Intergenerational Impact of Residential School Attendance: Implication for Mental and Emotional Well-Being of Indigenous Peoples in Canada
- 1 Residential School System in Canada
- 2 Sociocultural Perspective: Transmission of Trauma Through Negative Parenting Behaviors
- 3 Intergenerational Consequences
- 4 Implication
- 5 References
Residential School System in Canada
The residential school system in Canada, which ran from 1863 to 1996, was established for the purpose of assimilating Indigenous children into the dominant Canadian culture. Under this policy, more than 150,000 First Nations, Métis and Inuit children were removed from their homeland and forced to attend boarding schools administered by the federal government and churches. Upon attendance, children underwent the process of cultural eradication, in which they were forced to unlearn their native languages, cultural traditions and spiritual beliefs, and replace them with English language and Christian values. Moreover, children were exposed to significant maltreatments including physical, psychological and sexual abuse, undernutrition, and poor living conditions, which led to various negative health outcomes among attendees. Today, the lasting impacts of residential school policy continues to negatively affect the well-being of the contemporary Indigenous populations through its intergenerational effect.
Sociocultural Perspective: Transmission of Trauma Through Negative Parenting Behaviors
Lack of Appropriate Role Model for Parenting
While many theories exist on the mechanism of the intergenerational effect of residential school trauma, the sociocultural perspective views negative parenting behaviors as a major factor that contributes to the transmission of psychological disturbances among the children of residential school survivors. The practice of separating children from their parents under the assimilation policy is found to be largely responsible for the development of inappropriate parenting behaviors among survivors. In fact, three generations of ripping apart Indigenous families have severely undermined the role of kinship networks, interrupting with the process of “passing down” the appropriate parenting knowledge and behavior. Moreover, as the sociocultural model suggests, children learn from their immediate environment and from the people who directly contribute to their development. Residential school survivors, whose immediate childhood environment had been shaped by abuse and neglect instead of warm parental care, often fail to deliver adequate parenting to their own children. Due to the lack of an appropriate role model for good parenting, it has been suggested that many survivors returned home with inappropriate behavior patterns modeled after the abusive and neglectful care-giving behaviors witnessed at residential schools. The negative parenting behaviors of survivors are then replicated by the next generations, and the vicious cycle of trauma renews, as “children learn parenting skills by the way they are parented.”As Maggie Hodgson notes:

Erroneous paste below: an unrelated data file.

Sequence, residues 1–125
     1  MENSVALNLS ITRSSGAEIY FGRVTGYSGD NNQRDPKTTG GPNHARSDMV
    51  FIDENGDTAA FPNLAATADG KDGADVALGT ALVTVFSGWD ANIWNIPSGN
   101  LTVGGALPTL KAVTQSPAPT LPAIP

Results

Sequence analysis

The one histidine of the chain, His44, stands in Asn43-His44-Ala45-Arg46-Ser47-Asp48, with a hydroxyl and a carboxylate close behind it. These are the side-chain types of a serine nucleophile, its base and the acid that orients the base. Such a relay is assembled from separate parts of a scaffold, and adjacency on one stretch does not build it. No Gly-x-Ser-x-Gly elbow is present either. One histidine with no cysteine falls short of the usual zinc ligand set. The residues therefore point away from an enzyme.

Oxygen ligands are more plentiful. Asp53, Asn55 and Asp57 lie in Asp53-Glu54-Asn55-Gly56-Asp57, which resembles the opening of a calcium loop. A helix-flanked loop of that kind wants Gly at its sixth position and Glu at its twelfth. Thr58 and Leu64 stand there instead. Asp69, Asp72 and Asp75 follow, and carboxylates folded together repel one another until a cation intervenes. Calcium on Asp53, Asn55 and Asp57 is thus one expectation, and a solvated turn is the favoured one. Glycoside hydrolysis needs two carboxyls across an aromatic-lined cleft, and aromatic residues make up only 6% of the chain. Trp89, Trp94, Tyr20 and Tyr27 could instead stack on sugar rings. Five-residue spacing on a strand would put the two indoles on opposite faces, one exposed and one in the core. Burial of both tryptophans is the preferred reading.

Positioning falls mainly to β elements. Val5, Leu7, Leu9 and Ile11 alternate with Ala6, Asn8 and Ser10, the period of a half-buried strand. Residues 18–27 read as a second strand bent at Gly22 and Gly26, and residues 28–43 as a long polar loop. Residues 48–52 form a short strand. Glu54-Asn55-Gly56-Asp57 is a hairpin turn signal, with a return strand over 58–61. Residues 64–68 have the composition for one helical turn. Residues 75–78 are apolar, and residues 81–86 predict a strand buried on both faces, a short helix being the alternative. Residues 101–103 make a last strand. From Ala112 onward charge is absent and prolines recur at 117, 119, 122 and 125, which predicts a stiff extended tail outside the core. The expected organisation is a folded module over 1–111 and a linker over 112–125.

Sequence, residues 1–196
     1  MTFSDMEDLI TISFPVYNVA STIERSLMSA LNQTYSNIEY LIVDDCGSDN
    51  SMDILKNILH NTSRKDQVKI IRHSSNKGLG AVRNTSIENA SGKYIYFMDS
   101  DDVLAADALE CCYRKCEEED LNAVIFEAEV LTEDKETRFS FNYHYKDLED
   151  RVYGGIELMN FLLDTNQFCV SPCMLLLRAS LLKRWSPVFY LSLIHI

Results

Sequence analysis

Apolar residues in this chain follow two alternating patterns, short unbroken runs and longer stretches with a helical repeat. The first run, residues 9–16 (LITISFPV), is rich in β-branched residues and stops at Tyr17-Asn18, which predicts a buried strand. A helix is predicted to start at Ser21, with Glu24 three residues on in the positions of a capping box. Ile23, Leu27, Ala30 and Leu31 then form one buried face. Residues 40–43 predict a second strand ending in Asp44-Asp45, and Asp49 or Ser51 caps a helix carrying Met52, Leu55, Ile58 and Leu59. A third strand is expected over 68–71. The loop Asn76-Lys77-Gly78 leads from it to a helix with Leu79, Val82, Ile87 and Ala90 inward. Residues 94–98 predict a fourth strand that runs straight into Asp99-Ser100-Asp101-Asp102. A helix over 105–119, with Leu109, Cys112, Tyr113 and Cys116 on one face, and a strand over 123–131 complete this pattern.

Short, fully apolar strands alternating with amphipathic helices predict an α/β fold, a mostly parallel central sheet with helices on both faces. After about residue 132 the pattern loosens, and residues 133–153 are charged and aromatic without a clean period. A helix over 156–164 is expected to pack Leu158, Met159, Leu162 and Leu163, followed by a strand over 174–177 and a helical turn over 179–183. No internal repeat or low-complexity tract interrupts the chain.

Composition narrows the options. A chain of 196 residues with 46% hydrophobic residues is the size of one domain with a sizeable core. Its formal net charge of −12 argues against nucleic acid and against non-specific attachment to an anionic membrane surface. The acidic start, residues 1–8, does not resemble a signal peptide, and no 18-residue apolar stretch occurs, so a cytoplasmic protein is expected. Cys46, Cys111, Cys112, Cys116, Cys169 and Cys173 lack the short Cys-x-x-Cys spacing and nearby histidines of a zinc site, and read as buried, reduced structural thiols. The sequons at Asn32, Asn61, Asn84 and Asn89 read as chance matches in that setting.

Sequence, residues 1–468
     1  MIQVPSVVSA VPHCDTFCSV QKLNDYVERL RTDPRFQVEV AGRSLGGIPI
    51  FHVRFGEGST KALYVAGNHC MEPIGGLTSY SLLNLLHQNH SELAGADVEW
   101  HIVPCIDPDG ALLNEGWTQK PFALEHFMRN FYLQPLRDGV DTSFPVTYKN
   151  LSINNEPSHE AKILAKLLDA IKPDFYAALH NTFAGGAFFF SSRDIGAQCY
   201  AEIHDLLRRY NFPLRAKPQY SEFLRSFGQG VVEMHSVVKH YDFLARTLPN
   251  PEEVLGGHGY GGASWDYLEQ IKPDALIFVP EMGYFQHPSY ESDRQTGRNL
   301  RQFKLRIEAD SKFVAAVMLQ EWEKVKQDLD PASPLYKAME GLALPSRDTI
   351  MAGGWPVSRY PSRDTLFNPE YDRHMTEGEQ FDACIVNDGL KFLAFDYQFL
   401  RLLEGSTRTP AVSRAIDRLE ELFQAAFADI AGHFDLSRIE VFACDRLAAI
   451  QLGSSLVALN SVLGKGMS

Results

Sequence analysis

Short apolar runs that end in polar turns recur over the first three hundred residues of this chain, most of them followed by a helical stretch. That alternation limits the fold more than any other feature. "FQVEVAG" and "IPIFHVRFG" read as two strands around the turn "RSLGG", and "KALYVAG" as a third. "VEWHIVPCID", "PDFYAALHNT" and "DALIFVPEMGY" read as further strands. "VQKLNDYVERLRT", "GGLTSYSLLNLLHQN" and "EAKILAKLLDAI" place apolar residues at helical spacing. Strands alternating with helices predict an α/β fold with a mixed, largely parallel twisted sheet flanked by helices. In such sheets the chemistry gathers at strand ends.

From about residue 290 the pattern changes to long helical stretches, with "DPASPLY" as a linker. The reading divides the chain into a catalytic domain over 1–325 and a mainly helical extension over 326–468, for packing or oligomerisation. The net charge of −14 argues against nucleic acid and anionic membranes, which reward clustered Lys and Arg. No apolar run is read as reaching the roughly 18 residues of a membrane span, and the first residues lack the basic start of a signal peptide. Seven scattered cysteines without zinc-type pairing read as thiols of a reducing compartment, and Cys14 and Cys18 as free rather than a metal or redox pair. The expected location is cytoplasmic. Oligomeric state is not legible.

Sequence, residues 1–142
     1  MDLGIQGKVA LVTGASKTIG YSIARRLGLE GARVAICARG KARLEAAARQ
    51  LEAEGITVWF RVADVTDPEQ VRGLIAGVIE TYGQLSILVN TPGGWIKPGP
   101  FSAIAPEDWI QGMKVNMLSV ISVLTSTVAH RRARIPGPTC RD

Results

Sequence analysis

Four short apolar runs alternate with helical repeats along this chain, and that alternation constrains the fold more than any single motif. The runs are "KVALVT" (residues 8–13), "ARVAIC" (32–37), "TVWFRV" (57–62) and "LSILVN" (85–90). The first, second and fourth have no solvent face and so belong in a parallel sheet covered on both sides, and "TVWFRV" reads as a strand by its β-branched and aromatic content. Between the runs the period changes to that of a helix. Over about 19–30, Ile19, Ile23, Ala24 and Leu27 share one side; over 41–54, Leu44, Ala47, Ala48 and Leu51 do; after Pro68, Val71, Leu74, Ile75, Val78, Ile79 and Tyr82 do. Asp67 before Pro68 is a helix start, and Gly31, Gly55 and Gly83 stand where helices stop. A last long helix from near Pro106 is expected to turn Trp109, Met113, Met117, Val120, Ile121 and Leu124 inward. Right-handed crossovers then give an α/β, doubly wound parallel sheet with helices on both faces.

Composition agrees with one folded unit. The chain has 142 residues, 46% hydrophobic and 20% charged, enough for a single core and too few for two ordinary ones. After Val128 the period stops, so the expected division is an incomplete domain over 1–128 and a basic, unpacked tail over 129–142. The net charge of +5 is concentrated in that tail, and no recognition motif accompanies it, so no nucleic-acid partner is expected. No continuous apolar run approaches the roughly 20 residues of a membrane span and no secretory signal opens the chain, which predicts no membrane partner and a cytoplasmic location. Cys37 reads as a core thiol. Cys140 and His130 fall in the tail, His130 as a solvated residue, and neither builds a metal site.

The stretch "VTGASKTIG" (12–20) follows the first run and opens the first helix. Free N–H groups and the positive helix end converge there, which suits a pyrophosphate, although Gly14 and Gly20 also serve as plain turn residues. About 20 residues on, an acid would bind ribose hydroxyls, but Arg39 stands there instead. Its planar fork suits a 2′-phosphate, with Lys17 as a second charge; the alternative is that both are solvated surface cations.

“If you subject one generation to that kind of parenting and they become adults and have children; those children become subjected to that treatment and then you subject a third generation to a residential school system the same as the first two generations. You have a whole society affected by isolation, loneliness, sadness, anger, hopelessness and pain.”
Replication of Childhood Adversity
In fact, children of residential school survivors were more likely to experience history of abuse in their own childhoods, due the neglectful care provided from their parents. In particular, exposure to severe physical punishment has been reported as a one of the commonly experienced childhood maltreatments among the children of survivors. Such dysfunctional parenting behavior is assumed to be introduced as a result of the residential school trauma, considering the fact that physical discipline was not common among Indigenous tribes before the residential school era.